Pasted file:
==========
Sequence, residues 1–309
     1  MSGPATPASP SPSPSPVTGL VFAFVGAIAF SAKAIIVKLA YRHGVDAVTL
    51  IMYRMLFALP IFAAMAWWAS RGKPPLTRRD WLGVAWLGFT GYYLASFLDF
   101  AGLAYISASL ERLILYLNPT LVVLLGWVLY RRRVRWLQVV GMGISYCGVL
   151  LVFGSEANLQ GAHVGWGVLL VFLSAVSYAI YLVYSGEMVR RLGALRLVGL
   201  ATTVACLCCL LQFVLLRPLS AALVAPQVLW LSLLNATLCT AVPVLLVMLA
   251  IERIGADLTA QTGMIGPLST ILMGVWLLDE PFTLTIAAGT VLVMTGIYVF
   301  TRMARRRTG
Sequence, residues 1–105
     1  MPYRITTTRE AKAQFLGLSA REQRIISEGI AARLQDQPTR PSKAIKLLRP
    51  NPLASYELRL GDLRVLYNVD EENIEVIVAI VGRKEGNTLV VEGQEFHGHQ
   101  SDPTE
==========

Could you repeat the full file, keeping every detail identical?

Sequence, residues 1–309
     1  MSGPATPASP SPSPSPVTGL VFAFVGAIAF SAKAIIVKLA YRHGVDAVTL
    51  IMYRMLFALP IFAAMAWWAS RGKPPLTRRD WLGVAWLGFT GYYLASFLDF
   101  AGLAYISASL ERLILYLNPT LVVLLGWVLY RRRVRWLQVV GMGISYCGVL
   151  LVFGSEANLQ GAHVGWGVLL VFLSAVSYAI YLVYSGEMVR RLGALRLVGL
   201  ATTVACLCCL LQFVLLRPLS AALVAPQVLW LSLLNATLCT AVPVLLVMLA
   251  IERIGADLTA QTGMIGPLST ILMGVWLLDE PFTLTIAAGT VLVMTGIYVF
   301  TRMARRRTG
Sequence, residues 1–105
     1  MPYRITTTRE AKAQFLGLSA REQRIISEGI AARLQDQPTR PSKAIKLLRP
    51  NPLASYELRL GDLRVLYNVD EENIEVIVAI VGRKEGNTLV VEGQEFHGHQ
   101  SDPTE